Critic Reviews



Based on 21 critic reviews provided by
On a deeper level -- and this is where When We Were Kings exceeds its expectations and becomes a great film -- Gast examines African American pride.
Chicago Reader
Gast does a nice job of building the suspense leading up to the fight, fleshing out the story with some good color commentary by a handful of people (filmed by director Taylor Hackford, who wisely convinced Gast that these reminiscences and remarks would fill in some historical gaps).
Film Threat
The seemingly total access and seemingly total coverage the film makers enjoy makes us forget at times that this isn't some Hollywood fabrication.
Mr. Gast skillfully blends photographs, celebrity interviews with Norman Mailer and others, and colorful forays into the Zairian countryside, where Ali fostered black brotherhood and became a huge favorite, in a film that ''gazes well beyond the ring and seeks engagement with history''.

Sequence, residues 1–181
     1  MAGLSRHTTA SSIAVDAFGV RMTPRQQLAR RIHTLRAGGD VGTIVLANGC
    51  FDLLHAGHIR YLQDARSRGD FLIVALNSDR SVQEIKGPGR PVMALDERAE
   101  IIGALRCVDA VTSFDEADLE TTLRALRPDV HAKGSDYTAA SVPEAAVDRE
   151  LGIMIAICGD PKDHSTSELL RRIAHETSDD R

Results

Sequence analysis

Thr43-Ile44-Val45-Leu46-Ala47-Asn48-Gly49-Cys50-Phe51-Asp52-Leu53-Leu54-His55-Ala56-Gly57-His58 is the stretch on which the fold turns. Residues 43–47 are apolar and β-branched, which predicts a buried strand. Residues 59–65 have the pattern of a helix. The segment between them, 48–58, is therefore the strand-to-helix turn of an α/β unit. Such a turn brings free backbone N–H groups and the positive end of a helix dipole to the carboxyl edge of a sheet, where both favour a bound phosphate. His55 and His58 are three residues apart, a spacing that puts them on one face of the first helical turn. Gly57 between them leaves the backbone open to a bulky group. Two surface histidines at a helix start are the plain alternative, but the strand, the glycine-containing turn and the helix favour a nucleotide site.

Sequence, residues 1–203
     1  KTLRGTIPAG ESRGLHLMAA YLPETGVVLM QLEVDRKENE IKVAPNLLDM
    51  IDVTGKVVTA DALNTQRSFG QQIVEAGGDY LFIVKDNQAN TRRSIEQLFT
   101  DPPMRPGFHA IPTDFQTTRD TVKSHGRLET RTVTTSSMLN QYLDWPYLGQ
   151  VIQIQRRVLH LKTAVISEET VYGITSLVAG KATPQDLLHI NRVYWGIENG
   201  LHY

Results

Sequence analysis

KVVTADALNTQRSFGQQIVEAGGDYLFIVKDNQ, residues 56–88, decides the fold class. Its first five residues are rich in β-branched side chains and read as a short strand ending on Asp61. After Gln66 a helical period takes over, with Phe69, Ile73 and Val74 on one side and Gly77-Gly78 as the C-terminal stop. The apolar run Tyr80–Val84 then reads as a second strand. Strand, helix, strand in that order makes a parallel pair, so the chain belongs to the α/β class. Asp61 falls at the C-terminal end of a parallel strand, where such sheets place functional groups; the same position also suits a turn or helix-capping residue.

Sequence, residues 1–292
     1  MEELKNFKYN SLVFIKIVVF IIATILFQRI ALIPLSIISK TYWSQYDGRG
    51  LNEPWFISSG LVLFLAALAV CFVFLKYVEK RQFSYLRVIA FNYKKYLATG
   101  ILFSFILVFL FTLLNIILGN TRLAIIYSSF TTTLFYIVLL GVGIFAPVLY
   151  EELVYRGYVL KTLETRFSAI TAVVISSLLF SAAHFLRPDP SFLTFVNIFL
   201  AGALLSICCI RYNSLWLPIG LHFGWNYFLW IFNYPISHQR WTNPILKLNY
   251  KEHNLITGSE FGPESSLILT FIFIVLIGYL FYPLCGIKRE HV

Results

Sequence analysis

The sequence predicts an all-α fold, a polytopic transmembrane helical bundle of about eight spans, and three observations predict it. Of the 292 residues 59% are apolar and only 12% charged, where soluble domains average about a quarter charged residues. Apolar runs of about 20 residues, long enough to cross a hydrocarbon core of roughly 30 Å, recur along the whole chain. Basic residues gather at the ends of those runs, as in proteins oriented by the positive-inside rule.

For those who want to relive Ali's glory days, and for those who think Ali was nothing but a prizefighter, this movie, which took the struggling Gast 20 years to get financed, is required viewing.
The stunning vitality and passion of this film arises not only from the high-voltage personalities involved (especially Ali and King) but from the way they galvanized political and ethnic pride among the people of the poor West African nation.
It is a new documentary of a past event, recapturing the electricity generated by Muhammad Ali in his prime.
A wonderfully nostalgic, and occasionally insightful, window into the recent past.
When We Were Kings, which was put together by Taylor Hackford and Leon Gast, is a patchy movie that fails to rise to the grace and articulation of its main attraction. But it has Ali, and when he's on-screen, that's enough.

More Critic Reviews

See all external reviews for When We Were Kings (1996) »

See also

Awards | FAQ | User Reviews | User Ratings | External Reviews